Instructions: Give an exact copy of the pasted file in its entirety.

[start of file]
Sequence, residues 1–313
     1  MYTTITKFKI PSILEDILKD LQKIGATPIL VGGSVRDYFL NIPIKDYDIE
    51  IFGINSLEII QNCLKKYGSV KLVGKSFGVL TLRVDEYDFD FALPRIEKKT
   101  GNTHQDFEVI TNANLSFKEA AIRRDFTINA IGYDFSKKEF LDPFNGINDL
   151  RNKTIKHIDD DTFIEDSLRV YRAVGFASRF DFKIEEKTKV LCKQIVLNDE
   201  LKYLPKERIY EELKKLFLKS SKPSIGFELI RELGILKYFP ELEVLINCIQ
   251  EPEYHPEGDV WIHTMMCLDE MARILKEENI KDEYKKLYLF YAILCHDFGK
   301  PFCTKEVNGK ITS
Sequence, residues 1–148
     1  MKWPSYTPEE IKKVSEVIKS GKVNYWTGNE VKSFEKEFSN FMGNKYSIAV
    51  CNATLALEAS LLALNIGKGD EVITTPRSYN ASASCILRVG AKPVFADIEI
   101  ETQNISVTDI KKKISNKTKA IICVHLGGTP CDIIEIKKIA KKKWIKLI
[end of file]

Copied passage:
Sequence, residues 1–313
     1  MYTTITKFKI PSILEDILKD LQKIGATPIL VGGSVRDYFL NIPIKDYDIE
    51  IFGINSLEII QNCLKKYGSV KLVGKSFGVL TLRVDEYDFD FALPRIEKKT
   101  GNTHQDFEVI TNANLSFKEA AIRRDFTINA IGYDFSKKEF LDPFNGINDL
   151  RNKTIKHIDD DTFIEDSLRV YRAVGFASRF DFKIEEKTKV LCKQIVLNDE
   201  LKYLPKERIY EELKKLFLKS SKPSIGFELI RELGILKYFP ELEVLINCIQ
   251  EPEYHPEGDV WIHTMMCLDE MARILKEENI KDEYKKLYLF YAILCHDFGK
   301  PFCTKEVNGK ITS
Sequence, residues 1–148
     1  MKWPSYTPEE IKKVSEVIKS GKVNYWTGNE VKSFEKEFSN FMGNKYSIAV
    51  CNATLALEAS LLALNIGKGD EVITTPRSYN ASASCILRVG AKPVFADIEI
   101  ETQNISVTDI KKKISNKTKA IICVHLGGTP CDIIEIKKIA KKKWIKLI